Zoom kindergarten meetings, separation from family, and the anxiety our children experienced can be overcome if parents emphasize playing and socializing this summer.
News broadcasts speak often about the overall anxiety we’ve experienced during Covid and often cite how children have felt the brunt of social restrictions.
Some reports suggest a large percentage of children in our country continue to experience depression despite the drop in Covid cases—a lingering side effect from the pandemic.
The question is—what can responsible parents do to counterbalance what our society has been through? What represents the simplest solution to course correct and provide a more positive experience?
Let them play, wander, and socialize this summer. We have the unique opportunity to illustrate what a normal and fun summer can be given how Covid is not as lethal as it was during 2020. The most responsible thing we can do is to build in as much playtime as we can for our kids and emphasize the importance of social skills when they engage with one another.
And it’s a great time for parents to do the same. Some suggestions about how to go about doing so without driving yourself crazy:
Your Local Clan of Parents: If you can involve several other families, perhaps a half dozen, and schedule routine get-togethers where one family hosts, it spreads out responsibility. Ping other parents to see what their summer plans are to see if they are open to the idea of regular get-togethers.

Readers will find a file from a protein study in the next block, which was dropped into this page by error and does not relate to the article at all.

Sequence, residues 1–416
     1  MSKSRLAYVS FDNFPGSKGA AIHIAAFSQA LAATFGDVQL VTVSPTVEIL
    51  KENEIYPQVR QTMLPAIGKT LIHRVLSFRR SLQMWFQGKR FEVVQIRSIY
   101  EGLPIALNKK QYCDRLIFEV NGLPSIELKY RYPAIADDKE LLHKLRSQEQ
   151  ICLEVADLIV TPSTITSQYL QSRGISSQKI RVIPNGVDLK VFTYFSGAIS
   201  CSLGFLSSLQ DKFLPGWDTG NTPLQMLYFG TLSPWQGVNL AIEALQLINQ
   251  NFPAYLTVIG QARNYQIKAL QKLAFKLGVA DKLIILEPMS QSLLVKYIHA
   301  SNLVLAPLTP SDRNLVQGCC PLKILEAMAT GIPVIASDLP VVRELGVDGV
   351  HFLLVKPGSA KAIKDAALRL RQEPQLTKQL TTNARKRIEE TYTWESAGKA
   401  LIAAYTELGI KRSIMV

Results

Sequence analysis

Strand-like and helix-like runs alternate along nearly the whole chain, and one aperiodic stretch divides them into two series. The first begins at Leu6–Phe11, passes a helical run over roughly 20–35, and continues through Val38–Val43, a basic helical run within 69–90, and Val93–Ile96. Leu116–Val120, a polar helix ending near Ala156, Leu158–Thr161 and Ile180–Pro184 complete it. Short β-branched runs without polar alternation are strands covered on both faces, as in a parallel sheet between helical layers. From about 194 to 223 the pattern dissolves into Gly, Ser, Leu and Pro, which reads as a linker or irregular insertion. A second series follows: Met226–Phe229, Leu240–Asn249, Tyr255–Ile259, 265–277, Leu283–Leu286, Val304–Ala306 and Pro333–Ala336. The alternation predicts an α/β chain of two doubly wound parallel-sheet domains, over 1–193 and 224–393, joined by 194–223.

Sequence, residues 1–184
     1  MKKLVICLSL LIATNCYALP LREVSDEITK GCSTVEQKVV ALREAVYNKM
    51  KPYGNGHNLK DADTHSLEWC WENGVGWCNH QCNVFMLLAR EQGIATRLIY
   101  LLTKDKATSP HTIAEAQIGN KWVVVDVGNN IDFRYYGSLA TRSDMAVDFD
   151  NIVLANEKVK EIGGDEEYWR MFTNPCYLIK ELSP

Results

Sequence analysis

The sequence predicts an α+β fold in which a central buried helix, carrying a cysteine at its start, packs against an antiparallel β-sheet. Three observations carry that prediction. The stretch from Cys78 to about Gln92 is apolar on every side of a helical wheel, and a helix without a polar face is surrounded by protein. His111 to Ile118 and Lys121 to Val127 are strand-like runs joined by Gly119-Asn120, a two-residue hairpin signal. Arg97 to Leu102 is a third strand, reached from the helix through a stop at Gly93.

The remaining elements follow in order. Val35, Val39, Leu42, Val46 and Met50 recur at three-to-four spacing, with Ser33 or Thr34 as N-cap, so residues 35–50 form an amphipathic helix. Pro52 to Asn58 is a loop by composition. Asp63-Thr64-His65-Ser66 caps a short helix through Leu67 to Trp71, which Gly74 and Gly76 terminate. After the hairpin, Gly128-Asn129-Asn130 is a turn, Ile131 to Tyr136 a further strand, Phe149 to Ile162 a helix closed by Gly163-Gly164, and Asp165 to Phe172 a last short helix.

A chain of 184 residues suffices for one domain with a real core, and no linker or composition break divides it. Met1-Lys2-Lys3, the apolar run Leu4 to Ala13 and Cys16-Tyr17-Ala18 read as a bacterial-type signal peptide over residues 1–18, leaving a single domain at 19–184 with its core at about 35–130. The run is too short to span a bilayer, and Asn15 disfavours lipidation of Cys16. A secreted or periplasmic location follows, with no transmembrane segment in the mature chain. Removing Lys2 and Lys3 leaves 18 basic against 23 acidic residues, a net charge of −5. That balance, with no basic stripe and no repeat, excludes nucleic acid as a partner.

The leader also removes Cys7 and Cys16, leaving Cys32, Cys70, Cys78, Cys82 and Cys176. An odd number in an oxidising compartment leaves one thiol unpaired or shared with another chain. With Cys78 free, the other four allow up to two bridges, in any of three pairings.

Parents Working from Home: If Dad is around, involve him. Ask him to readjust his work schedule to accommodate these playdates. If both parents work, juggle your schedules so your children can spend maximum time with their friends.
Social Work: If you see a child who’s socially deficient in one area or another – provide an alternative. It can be as simple as citing the value of sharing, asking them to choose to be nice, or call out how one child in the group is doing something worthy of respect. Covid has done a number on socialization, so praise children who are doing it well so other kids may learn from the experience.
Family members: The more they are around, the better! Our kids need exposure to relatives from all generations. This summer, we’re better prepared, protected, and for relatives who are not vaccinated, hold them accountable by emphasizing how much more time they can spend with your immediate family.
The most important suggestion is to live in the present. Enjoy this window of time where we can celebrate life itself. And if your kid is better adjusted for school, sports, or life ahead of them after a summer of fun, you’ve done right by your kids.
Don’t let pessimistic news reports hold you back—take a proactive role by providing your child with a summer filled with sun, fun, and laughter.
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